Tutor Tips: Foundational Knowledge
The following Tutor Tip from Dr. Carmine Stewart appeared in the December 2021 issue of Tutor News for Seeds of Literacy volunteers.
If learning came easy to you, you probably take for granted the background knowledge you have acquired along the way. Everything you have ever learned created a solid foundation for all future learning.
The things you have read, the places you have traveled, the cultural experiences you have enjoyed….they all played a role in helping you make sense of the world. When you read, you are able to draw upon these things to help you make sense out of what is on the page in front of you. As we read we make connections between what is on the page and what we already know from previous learning and experiences.
For students who have cracks or entire holes in their learning foundation, that background knowledge may not exist. (Think about students who grew up without the benefit of affording travel, museums, and other cultural experiences.) What can you do to help? Plenty!
1) Before you begin working with a student, ask them what they already know and understand about the topic to see if they have background knowledge. For example, “What do you already know about the Civil War?”
2) If they do not have background knowledge, you may want to search for a short video, or share a brief overview of the topic to help prepare them for what they are about to read. Help them see the bigger picture. For example, “Well this was a war between the north (called the Union), and the south (called the Confederacy). There are lots of theories for why the war was fought. Let’s see if this lesson tells us some of those reasons.” Searching for Google images can also help students understand concepts and build background knowledge.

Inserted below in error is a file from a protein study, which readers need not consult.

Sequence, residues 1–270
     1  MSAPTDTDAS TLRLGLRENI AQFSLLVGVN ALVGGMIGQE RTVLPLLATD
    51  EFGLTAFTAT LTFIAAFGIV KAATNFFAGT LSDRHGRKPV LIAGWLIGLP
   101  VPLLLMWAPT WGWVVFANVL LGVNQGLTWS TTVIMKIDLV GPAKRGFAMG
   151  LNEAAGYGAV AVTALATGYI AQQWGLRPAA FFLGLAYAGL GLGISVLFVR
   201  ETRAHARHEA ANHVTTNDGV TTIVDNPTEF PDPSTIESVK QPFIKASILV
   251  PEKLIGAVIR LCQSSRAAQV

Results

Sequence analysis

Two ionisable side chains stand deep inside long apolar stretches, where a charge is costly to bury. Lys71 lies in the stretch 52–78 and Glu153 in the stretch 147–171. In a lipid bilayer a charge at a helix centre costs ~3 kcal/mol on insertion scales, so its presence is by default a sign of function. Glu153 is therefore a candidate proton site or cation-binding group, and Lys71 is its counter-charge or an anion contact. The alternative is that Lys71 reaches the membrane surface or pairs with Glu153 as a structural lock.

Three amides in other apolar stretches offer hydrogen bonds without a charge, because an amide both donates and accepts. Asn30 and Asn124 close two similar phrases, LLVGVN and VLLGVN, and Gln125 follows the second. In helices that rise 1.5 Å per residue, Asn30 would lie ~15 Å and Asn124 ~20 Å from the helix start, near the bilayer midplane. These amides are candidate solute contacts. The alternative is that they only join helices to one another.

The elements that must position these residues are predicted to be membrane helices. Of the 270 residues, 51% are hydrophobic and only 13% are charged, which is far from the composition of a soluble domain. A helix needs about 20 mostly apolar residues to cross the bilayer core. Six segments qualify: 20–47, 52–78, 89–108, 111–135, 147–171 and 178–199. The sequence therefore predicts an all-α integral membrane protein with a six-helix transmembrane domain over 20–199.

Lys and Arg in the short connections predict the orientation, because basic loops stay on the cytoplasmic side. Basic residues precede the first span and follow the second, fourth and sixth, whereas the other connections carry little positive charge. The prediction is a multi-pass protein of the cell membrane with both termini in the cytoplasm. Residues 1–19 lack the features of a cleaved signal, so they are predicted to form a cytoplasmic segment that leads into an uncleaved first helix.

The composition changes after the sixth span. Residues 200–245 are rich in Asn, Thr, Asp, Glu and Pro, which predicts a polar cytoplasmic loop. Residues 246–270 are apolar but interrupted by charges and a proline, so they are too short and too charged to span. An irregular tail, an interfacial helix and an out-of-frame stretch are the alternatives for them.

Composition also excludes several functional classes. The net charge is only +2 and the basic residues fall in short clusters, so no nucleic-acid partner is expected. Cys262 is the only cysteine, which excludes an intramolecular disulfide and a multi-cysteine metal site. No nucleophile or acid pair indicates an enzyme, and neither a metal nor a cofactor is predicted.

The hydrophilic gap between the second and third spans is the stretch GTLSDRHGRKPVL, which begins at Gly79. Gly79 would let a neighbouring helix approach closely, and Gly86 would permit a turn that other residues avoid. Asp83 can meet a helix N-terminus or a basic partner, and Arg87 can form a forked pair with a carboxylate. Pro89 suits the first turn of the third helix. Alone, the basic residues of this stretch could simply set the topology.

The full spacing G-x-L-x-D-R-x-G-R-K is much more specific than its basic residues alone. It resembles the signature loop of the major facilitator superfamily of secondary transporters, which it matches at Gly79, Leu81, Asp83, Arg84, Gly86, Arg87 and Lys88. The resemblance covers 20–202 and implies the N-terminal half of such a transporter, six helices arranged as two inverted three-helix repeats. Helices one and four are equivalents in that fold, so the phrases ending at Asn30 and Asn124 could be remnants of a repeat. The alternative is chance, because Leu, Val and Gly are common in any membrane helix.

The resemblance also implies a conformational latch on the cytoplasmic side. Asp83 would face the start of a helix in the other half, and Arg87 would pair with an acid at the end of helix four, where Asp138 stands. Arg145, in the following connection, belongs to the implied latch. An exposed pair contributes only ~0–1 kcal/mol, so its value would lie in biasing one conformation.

3) Before you have the student read the passage you may want to have them look through it for any words that they don’t know and understand –vocabulary is a huge part of background knowledge. Help the student understand the terms and how they relate to the topic. Ask the student to write the words and to write the meanings in their own words- they are not likely to remember them if they don’t write them down.
4) As the student is reading, help them make connections;
5) If as you are working on something you see that a student does not understand a key concept that is keeping them from having that “a-ha moment,” you may need to help build background knowledge on the underlying concept as well.
When students understand, and build understanding, they enjoy the learning process. Building background knowledge is a part of this process.
One word of caution though is to make sure that you don’t veer too far from the lesson the student is hoping to complete; students are often very focused on completing work, so try to stay focused on the goal. Building background knowledge should look like providing tuckpointing to fill in the gaps, not building a bridge in a different direction.
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A recognized leader in the field of adult education, Dr. Carmine Stewart currently maintains dual roles as:
- Vice President of Programming for Seeds of Literacy – overseeing the development of workforce partnerships, the creation and launch of the Beginning & Struggling Readers program, professional development for tutors, and the GED in Spanish initiative
- President & CEO of ACES (Adult Consulting and Educational Services, formerly Aspire) – conducting research, evaluation, assessment, data analysis, and professional development training for school districts and adult literacy agencies.
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